- Styish design
- Tiny dimensions
- Good image quality
- Surprising number of features
- Small size can make it cramped to use
- Few manual controls
- Somewhat pricey
- Review Price: £150.00
- 12.1 megapixel sensor
- 4x zoom lens (28 - 112mm equiv.)
- Full HD video
Said lens is equivalent to 28-112mm in 35mm film terms so isn’t quite as wide as the 24mm on the 220 HS. The IXUS 115 HS does however boast a larger 3in 230k dot screen, compared with the 220 HS’ 2.8-inches, that, given the camera’s generally petite dimensions, swallows up most of the back. This is no bad thing, though it means that the few attendant buttons alongside it are on the small side, if well labelled. Equally good value competitors include Nikon’s recently reviewed and likewise pocket sized Coolpix S3100.
With the maximum lens aperture a relatively bright f/2.8, it’s a welcome surprise to find that also featured here is Full HD video shooting. This function even gets its own camcorder style red record button top right of the back plate. One press and you’re instantly filming, even if you’d been taking a photo a second before. Do this and the screen display narrows to ape the films 16:9 widescreen aspect ratio, black bands cropping it top and bottom. It’s even more of a surprise to find video functionality twinned with mini HDMI output too, allowing users to directly hook up to an HD TV – if, that is, the optional cable is purchased. Otherwise standard AV and USB output share a port alongside.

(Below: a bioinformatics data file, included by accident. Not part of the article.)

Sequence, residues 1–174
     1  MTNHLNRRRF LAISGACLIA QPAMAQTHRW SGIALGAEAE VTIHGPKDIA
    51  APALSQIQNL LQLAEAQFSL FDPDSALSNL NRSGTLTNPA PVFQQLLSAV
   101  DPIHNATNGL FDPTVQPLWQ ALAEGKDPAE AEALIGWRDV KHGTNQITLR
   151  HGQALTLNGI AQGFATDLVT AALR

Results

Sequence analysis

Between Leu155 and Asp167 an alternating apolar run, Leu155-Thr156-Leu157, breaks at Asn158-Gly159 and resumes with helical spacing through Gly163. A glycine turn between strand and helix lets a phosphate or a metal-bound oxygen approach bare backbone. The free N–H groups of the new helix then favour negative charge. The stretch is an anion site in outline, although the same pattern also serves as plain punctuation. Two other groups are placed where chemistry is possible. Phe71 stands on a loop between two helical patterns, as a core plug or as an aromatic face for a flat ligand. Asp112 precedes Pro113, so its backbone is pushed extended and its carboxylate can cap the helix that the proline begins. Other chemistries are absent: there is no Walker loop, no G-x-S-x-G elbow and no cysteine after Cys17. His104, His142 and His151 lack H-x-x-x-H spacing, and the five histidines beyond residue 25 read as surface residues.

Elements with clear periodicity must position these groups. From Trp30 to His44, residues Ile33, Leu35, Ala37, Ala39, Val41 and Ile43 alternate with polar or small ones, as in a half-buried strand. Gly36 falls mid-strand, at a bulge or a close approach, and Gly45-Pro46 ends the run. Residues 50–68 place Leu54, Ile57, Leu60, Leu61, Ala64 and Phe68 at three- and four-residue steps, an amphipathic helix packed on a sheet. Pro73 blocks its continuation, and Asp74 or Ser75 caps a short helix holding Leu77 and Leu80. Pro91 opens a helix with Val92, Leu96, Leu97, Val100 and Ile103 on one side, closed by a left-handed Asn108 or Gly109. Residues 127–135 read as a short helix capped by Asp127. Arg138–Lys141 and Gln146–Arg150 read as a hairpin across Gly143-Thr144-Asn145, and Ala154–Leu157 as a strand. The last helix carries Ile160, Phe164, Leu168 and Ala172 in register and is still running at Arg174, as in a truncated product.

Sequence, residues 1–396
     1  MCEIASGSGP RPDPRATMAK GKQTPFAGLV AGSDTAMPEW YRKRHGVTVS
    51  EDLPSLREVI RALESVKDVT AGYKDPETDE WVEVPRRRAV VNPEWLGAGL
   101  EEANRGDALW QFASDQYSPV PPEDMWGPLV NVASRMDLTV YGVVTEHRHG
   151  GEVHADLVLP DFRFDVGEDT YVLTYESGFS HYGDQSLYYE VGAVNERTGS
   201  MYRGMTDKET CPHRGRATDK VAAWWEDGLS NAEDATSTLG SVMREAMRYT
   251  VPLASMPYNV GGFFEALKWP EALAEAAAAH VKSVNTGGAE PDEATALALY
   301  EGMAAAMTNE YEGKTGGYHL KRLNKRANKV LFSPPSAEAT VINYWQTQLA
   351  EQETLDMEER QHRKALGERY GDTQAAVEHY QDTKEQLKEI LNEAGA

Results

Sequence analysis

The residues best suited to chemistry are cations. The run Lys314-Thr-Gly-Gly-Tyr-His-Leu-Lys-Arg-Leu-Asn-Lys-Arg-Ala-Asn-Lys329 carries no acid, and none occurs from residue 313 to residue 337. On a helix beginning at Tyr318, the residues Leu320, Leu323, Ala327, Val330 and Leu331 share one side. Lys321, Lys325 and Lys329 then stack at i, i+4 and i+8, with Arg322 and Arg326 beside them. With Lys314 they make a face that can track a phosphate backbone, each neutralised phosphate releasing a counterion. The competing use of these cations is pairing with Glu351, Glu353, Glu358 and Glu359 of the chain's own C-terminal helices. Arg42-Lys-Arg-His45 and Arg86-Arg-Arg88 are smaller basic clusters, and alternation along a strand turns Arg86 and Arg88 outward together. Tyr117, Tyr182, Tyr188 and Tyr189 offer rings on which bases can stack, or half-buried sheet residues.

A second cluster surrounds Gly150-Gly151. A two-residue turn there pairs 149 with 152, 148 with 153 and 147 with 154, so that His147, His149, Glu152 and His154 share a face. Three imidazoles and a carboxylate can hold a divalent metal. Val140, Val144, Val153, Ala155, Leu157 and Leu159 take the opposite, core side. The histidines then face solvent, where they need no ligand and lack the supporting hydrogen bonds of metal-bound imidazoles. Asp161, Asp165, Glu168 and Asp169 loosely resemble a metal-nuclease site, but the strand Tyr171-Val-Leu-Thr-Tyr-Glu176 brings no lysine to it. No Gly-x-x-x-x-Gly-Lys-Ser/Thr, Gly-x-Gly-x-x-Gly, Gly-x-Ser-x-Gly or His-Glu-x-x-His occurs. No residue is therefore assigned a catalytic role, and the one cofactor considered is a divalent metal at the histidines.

The ‘HS’ camera suffix stands for High Sensitivity, with, aided and abetted by the sensor being of the backside-illuminated variety, while the ISO range top out at a maximum ISO3200. We also get a built-in flash as back up, though the window for it is very narrow and it has been placed at the top right hand corner of the faceplate, where fingers can inevitably stray in front. The mirrored lens surround is an attractive touch, and you can just about see your face in it if attempting self portraits.
This IXUS, like the rest of the Canon compact range, provides the ability to adjust colour tones via a function toolbar summoned up with a single button press, with vivid being particularly effective in adding a degree of dynamism when shooting natural landscapes. Via the same side panel Canon has provided access to a range of digital effects on the 115 HS that mirror those on its pricier 310 and 220 HS models.
Among these we get the usual fisheye and pinhole camera (or as Canon has it ‘toy camera’) style effects, plus a further super vivid setting denoted by a parrot icon. There’s also our favourite of the increasingly ubiquitous miniature effect, which apes the result from a specialist tilt and shift lens, whereby it narrows the portion of the image in focus to give the illusion that you’re looking at a photograph of a model rather than an actual real-life building. Images are recorded to SD, SDHC or SDHC memory card; there’s no internal memory supplied with the camera – Canon seems to have stopped doing that a while back.
From the above it would appear that by making a purchase of the IXUS 115 HS, you will get a very fair return on your investment. But how does it handle in practice and what other features lurk beneath its unassuming exterior? Read on to find out…
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